Is Deflation a Serious Risk for the Eurozone?

by George Hatjoullis

The simple answer is yes and has been explained in various blogs on Gestaltz. The Economics 1-18 series is particularly relevant. However, given the complexity of the issue and the strident denials from various authoritative sources it is worth revisiting with a specific focus on the eurozone.

First, what is deflation? It is not simply a condition of ex post falling prices, though this is involved. It is the expectation of falling prices that defines deflation. The expectation can be a powerful force even though actual measured price falls might not be dramatic. A strong fear of falling prices leads to a particular kind of behaviour that may be problematic, namely a strong demand for bank money and cash. If a bank deposit pays a positive nominal interest rate and prices are expected to fall, then holding bank deposits promises a return in terms of purchasing power (a real return) of the nominal rate of interest and the expected fall in prices. Hence the stronger is the fear of deflation the greater the desire to hold money wealth as bank money or the equivalent. Clearly, if actual price falls continuously fail to match fears this will impact future expectations. However, the important point is that fear of deflation is not simply a matter of observed price falls. Moreover, just as inflation expectations can become entrenched and difficult to change, so too deflation expectations can become structural and self-reinforcing.

Second, a particular problem in a deflation is that central bank power is asymmetric. It is easier to lead a horse away from water (so that it cannot drink) than to make it drink by taking it to water. It is up to the horse. Convoluted? The water in this case is the supply of bank money. One way to ease deflation expectations is to expand the supply of bank money. However, this is largely a matter for banks and their lending. If they do not wish to lend then the supply of bank money does not expand however much central bank money the CB creates. The power of CBs is much less than people appreciate and especially in a deflation. Anyone that doubts this should speak to the Bank of Japan. Once a deflation takes root it is hard to break. This is why the USA and UK acted with such vigour after the Lehman collapse. This is why the prevarication of the ECB is causing such concern. If a deflation takes root in the eurozone there is precious little the ECB can do.

The lessons of Japan, the USA and the UK are relevant to the eurozone. The UK has seen the measured inflation rate decline to the target rate after several years of vigorous monetary easing. This alone is cause for concern. The US is beginning to exit from the aggressive easing programme even though inflation remains unusually subdued. The Bank of Japan is expanding its balance sheet at an unprecedented rate and inflation is barely responding. The flow of funds out of emerging markets is forcing these fragile economies to push up interest rates. This is not a global inflation environment and the ECB needs to recognise this context.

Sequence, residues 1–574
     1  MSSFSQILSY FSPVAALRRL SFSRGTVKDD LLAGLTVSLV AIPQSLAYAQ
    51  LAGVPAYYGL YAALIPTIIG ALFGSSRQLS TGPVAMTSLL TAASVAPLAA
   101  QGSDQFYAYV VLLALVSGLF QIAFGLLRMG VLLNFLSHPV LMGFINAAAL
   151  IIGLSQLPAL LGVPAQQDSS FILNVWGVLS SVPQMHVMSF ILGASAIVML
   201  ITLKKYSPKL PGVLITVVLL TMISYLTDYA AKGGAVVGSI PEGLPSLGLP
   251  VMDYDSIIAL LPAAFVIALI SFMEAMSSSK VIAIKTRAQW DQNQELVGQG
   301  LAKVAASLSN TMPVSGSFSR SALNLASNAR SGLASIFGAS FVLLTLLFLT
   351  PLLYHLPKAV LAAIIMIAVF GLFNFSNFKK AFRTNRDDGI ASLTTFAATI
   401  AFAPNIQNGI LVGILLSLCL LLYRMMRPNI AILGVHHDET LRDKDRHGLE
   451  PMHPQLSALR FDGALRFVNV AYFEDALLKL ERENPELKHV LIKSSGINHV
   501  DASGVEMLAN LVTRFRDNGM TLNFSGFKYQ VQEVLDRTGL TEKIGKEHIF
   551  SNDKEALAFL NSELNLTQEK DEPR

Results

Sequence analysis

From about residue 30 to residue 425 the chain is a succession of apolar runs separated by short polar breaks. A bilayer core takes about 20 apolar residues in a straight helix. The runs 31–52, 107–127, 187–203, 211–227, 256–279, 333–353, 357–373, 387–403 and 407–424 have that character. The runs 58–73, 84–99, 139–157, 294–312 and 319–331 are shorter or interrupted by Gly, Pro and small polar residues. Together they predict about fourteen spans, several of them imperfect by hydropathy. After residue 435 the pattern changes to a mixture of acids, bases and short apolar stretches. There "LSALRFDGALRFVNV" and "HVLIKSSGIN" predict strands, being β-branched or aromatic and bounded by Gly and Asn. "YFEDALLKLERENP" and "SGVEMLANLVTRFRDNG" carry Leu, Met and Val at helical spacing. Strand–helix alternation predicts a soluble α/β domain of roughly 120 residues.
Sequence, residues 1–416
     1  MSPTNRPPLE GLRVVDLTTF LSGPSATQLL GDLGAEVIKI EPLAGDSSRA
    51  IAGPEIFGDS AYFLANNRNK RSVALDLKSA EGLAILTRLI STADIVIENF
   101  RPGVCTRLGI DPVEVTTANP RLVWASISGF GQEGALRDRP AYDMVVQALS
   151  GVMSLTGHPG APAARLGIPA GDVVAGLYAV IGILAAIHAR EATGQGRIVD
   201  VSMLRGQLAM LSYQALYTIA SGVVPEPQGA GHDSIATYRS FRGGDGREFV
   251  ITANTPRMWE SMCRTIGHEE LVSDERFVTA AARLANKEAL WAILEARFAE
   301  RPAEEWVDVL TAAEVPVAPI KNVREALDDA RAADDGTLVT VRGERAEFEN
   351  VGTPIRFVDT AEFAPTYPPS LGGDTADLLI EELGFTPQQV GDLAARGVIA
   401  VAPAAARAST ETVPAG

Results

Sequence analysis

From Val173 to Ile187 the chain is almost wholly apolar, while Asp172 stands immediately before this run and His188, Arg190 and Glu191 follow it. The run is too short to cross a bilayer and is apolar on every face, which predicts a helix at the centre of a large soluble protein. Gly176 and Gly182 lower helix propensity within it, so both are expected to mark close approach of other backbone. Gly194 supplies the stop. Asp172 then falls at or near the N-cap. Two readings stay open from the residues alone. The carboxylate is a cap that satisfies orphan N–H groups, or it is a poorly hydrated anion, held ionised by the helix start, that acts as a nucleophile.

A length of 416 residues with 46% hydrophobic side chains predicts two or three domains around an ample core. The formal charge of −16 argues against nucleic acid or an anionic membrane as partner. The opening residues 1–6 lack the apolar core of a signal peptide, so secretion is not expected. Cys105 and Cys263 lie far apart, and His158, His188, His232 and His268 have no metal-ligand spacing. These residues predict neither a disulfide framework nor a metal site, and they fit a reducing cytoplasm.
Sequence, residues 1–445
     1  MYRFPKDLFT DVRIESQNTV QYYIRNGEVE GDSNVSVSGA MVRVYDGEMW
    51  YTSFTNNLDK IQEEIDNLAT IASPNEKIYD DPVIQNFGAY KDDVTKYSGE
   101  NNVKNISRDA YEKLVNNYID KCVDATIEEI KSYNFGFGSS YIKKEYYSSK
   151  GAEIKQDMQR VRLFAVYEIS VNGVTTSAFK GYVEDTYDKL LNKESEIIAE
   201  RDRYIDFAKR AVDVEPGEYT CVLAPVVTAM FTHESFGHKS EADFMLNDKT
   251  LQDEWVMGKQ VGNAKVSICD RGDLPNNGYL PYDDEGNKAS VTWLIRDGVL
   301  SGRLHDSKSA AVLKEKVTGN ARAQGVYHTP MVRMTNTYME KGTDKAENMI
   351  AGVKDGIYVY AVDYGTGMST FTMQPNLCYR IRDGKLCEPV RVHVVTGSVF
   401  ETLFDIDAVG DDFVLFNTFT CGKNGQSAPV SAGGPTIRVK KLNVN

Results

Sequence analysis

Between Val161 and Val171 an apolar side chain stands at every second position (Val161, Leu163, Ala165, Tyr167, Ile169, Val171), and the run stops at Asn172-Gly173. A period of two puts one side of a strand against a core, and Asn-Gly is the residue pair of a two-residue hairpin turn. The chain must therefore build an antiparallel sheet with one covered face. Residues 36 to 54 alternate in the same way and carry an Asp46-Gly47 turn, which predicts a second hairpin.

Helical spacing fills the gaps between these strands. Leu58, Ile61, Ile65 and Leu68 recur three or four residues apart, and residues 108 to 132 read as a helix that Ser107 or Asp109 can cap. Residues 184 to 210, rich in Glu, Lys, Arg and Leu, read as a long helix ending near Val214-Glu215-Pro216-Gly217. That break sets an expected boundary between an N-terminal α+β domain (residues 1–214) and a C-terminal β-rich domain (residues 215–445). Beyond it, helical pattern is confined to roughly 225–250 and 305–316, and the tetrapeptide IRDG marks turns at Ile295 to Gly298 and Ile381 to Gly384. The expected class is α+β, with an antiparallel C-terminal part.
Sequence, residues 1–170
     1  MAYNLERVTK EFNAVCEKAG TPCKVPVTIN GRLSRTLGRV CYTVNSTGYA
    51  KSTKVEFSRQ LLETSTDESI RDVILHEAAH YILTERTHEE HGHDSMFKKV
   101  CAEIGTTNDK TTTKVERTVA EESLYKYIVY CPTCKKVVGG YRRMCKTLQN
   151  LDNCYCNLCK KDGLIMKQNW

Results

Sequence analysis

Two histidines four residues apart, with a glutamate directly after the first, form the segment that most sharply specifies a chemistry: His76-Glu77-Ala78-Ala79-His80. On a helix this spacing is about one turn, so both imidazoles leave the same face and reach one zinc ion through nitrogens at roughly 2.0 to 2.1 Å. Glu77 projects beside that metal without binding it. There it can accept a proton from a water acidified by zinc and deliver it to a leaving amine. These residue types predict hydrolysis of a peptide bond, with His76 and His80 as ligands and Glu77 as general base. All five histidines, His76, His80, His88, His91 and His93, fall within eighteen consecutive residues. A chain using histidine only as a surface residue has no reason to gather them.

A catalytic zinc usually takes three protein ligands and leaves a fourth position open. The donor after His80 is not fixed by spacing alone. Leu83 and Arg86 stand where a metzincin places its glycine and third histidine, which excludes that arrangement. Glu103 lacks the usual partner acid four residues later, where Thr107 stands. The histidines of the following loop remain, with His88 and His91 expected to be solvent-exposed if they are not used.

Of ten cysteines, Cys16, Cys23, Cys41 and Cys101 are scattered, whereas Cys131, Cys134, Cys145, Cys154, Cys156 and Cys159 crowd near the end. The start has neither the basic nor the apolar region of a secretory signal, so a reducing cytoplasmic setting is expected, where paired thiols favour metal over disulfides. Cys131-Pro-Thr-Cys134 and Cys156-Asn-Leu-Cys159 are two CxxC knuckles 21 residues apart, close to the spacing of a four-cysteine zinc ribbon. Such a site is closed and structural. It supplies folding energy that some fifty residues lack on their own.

The problems for the ECB are complex. It is true that the observed deflation in peripheral eurozone countries is part of the relative price adjustment that is necessary in lieu of exchange rate flexibility. However, the burden of price adjustment is being forced entirely onto these countries. The reason is that the strongest economy, Germany, refuses to allow any inflation within its own borders. The ghost of Weimar still haunts Germany in a pathological fear of inflation. The ECB would find its role more tractable if Berlin would allow Germany to experience above target inflation for a period. The relative price adjustment within the eurozone could thus be achieved without inflicting aggressively falling prices on the periphery. Germany is steadfast in its opposition to any such accommodation. Moreover, the degree of freedom of the ECB is severely limited by the Maastricht Treaty and all efforts by the ECB to gain some wiggle-room have been challenged by Berlin via its constitutional court. The latest challenge on the OMT programme is now with the European Court, having been referred by the German Constitutional Court. This is no way to run a monetary union when deflation is a possibility.

The problem is persuading the eurozone banks to lend. The constant pressure to raise capital and undergo stress tests is not helping in this respect. However, there is also evidently little demand for bank credit within the eurozone. The austerity measures are implicated. A well structured and transparent bank regulatory and support mechanism would help (banking union) but this is still evolving and early indications are that it resembles a dogs dinner. So the banks cannot be relied on to ‘stimulate’ the eurozone away from deflation however much liquidity is available and however low the ECB determined interest rate.

There is much talk in the press about the probability of a deflation. This is largely irrelevant. The probability is not the only consideration. The consequences must also be considered and the powerlessness of the central bank if deflation takes root. Even a 20% probability is too high when this is the situation so pre-emptive action by the ECB is essential (and it may already too late). Ironically, the only effective CB action if a deflation has taken root is deficit financing, and this is absolutely taboo everywhere. Given the parameters it will be pure luck if the eurozone is able to avoid a deflation taking root and the eurozone may have already exhausted its allocation of luck in getting this far.